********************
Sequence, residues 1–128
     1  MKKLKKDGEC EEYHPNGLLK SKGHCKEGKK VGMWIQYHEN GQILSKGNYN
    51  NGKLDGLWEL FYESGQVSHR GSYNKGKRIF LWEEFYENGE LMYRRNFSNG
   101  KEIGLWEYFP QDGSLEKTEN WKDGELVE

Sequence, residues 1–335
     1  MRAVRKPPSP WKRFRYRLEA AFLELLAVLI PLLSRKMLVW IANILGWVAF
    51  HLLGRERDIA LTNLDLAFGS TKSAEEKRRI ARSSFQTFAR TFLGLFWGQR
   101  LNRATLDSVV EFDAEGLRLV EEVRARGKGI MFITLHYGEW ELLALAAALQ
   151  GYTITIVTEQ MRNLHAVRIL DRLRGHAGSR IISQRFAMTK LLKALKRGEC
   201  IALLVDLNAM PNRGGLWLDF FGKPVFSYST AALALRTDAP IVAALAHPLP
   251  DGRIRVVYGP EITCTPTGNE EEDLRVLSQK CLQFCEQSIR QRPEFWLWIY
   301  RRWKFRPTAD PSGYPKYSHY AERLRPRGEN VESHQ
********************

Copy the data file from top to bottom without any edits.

Sequence, residues 1–128
     1  MKKLKKDGEC EEYHPNGLLK SKGHCKEGKK VGMWIQYHEN GQILSKGNYN
    51  NGKLDGLWEL FYESGQVSHR GSYNKGKRIF LWEEFYENGE LMYRRNFSNG
   101  KEIGLWEYFP QDGSLEKTEN WKDGELVE

Sequence, residues 1–335
     1  MRAVRKPPSP WKRFRYRLEA AFLELLAVLI PLLSRKMLVW IANILGWVAF
    51  HLLGRERDIA LTNLDLAFGS TKSAEEKRRI ARSSFQTFAR TFLGLFWGQR
   101  LNRATLDSVV EFDAEGLRLV EEVRARGKGI MFITLHYGEW ELLALAAALQ
   151  GYTITIVTEQ MRNLHAVRIL DRLRGHAGSR IISQRFAMTK LLKALKRGEC
   201  IALLVDLNAM PNRGGLWLDF FGKPVFSYST AALALRTDAP IVAALAHPLP
   251  DGRIRVVYGP EITCTPTGNE EEDLRVLSQK CLQFCEQSIR QRPEFWLWIY
   301  RRWKFRPTAD PSGYPKYSHY AERLRPRGEN VESHQ